In any case, the most searching part of his most explicit teaching was plainly addressed to a small inner circle, who, with him, were committed to a mission so special that very few men of his or any other day could be expected to shoulder it, a mission so extreme that those who dedicated themselves to it must have been virtually cut off from all organized society except as it supplied them with bread and board, and surrounded them with people to go among to win as converts or to guard against as enemies.
Perhaps the extremity of the demand that Jesus' way of life made upon men arose from his belief that the end of the world was at hand. But regardless of the explanation, he plainly failed, as far as I can see, to look upon the life of man on earth as a garden which, from its beginning to its end, as long as it existed, would have need to be cultivated in a special way in order to produce in large number the kind of men he had spent all his life trying to find, mostly in vain. This, I submit, is a sizeble failure. And as for the rest of the mystics, it may safely be said that their failure was less only as their gifts and their influence were smaller.
As I had reviewed and contemplated all this through the years I had corne to feel more and more strongly that, however narrow might be the range of my own influence, I did not want to fall short as so many others had before me. It had been laid upon me to bear faithful witness to what my lifelong quest had taught me. And if I had learned something about what the individual man -- as our fathers used to say -- "must do to be saved," it was no whit less certain that there were things a society likewise, a nation, a people, a race must do (and avoid doing) if it is to hold sickness at bay, escape destruction, corne to its fulfillment, realize its destiny.
And, of course, William Simpson has borne faithful witness, throughout his life.
More than that, he has been a "spirit yearning in desire/ To follow knowledge like a sinking star! Beyoung the utmost bound of human thought. "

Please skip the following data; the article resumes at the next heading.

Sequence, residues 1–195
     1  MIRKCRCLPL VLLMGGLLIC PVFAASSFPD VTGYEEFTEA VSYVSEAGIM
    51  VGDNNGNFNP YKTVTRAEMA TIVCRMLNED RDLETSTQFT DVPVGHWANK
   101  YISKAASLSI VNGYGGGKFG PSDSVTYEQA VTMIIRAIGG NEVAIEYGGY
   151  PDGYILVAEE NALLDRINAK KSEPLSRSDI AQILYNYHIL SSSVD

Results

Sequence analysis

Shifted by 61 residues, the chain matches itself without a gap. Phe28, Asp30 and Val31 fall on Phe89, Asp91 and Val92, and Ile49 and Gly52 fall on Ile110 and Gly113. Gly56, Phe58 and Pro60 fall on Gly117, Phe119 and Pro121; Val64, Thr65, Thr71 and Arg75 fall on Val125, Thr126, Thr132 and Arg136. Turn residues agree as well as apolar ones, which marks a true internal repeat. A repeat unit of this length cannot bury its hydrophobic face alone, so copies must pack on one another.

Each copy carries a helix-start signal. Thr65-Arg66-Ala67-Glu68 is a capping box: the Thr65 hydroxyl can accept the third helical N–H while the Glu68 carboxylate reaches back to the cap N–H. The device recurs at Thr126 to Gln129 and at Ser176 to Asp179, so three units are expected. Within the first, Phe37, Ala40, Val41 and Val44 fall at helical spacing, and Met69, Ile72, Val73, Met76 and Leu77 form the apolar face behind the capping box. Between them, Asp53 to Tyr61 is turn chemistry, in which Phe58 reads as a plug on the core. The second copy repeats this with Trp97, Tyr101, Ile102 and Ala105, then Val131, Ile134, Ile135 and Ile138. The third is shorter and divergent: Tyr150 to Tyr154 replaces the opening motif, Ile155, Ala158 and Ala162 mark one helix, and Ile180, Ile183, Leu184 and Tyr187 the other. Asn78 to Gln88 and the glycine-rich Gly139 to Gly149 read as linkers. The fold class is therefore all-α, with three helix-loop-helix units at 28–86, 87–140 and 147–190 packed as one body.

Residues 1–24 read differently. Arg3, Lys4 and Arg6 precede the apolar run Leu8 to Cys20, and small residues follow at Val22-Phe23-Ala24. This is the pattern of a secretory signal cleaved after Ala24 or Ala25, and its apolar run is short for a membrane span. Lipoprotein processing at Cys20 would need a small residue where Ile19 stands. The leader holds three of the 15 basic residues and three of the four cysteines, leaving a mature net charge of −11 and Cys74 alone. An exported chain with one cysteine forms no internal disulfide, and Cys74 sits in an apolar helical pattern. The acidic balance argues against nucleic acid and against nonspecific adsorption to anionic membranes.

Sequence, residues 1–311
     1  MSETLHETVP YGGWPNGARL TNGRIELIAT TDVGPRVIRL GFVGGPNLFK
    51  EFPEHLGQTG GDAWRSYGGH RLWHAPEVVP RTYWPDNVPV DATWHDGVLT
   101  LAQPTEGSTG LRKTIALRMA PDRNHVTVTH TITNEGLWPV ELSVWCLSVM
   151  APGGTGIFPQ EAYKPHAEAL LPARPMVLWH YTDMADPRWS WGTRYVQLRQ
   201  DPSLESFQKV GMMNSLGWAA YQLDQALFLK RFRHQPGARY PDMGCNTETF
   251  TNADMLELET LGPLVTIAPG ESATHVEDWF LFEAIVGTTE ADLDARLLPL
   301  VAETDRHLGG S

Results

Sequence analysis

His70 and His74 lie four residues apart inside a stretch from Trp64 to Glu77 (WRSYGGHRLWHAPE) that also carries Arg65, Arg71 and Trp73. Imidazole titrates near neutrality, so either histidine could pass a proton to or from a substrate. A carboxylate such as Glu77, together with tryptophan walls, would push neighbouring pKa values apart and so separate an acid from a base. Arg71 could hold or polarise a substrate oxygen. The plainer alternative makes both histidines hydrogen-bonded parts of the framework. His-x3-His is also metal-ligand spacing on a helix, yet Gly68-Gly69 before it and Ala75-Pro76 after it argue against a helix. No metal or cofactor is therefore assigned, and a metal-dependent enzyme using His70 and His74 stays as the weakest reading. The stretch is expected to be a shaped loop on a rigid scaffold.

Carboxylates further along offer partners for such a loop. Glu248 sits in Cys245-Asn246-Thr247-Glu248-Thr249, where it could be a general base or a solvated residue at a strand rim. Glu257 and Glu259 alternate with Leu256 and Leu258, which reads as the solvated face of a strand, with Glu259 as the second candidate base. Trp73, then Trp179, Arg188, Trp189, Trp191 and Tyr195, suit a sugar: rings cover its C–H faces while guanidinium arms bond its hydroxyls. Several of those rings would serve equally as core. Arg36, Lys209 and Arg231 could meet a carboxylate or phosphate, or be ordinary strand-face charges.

He has never, like so many others, stopped short of unpopular or demanding conclusions; he has never been one to go only halfway:
That I might ever cleave to the highest I might find I had held myself ready, if need be, to leave anything that tied me down or held me back: any idea or ideal however long cherished, any friendship however close, any possession tangible or intangible. No study of mine was ever prompted or guided by thought of ensuring a living, or winning recognition as an "authority," or having "something to say to the world," or even of being listened to by anybody.
I went after the truth as the roots of a tree go after food and drink. It belonged to the essence of my being. It was necessary to my very existence. I would have had to follow it though I had foreseen it must in the end leave me entirely alone.
The problems were my own problems before I saw them as problems to which a solution was required for society. I needed answers in order to shape within me, if possible, a universe and a human world in which I myself could stand erect, get my bearings, set a course, and have the strength to hold it. I dared offer nothing to my groping and struggling fellow humans that I had not first passed through the crucible of my own mind and tested, as it were, in my own blood, in my own living experience.
He has strived and sought and found, and he has offered all that he has found to everyone with ears to hear or eyes to see.
He has borne witness by living always in accordance with what he had so far found at each stage of his life. And, approaching the end of his ability to strive further and find more, he has borne witness by setting down his findings in his writings, most notably Which Way Western Man? and this autobiography, that they might serve as a guide for those willing and able to strive beyond the point at which he was obliged to stop. Of his autobiography he notes:
While I could not say truthfully that I am quite indifferent whether or not what I write is widely read or even read at all -- in fact, whether it is even published -- it is true that in what I write now, as throughout all this book, I am primarily, before anything else, simply making a report to my God -- or if you will, to my own soul, perhaps I ought even to say, to my fellowmen.
In the beginning, some 70 years ago, I found myself charged to do something, to put my life to a certain use, to make my very self, my living experience -- it is not too much to say -- a testing ground for mankind. In a real sense my life then and there ceased to be my own. I have tried through the years since to be true to what I was inwardly commanded to do. With the results, to be sure, I cannot say I am pleased. Of my life it will be enough to say, "He did what he could. It was one man's striving."
National Vanguard, December 1984, pages 9-13
Return to Simpson home page
Short URL for this web page: http://tinyurl.com/aq7889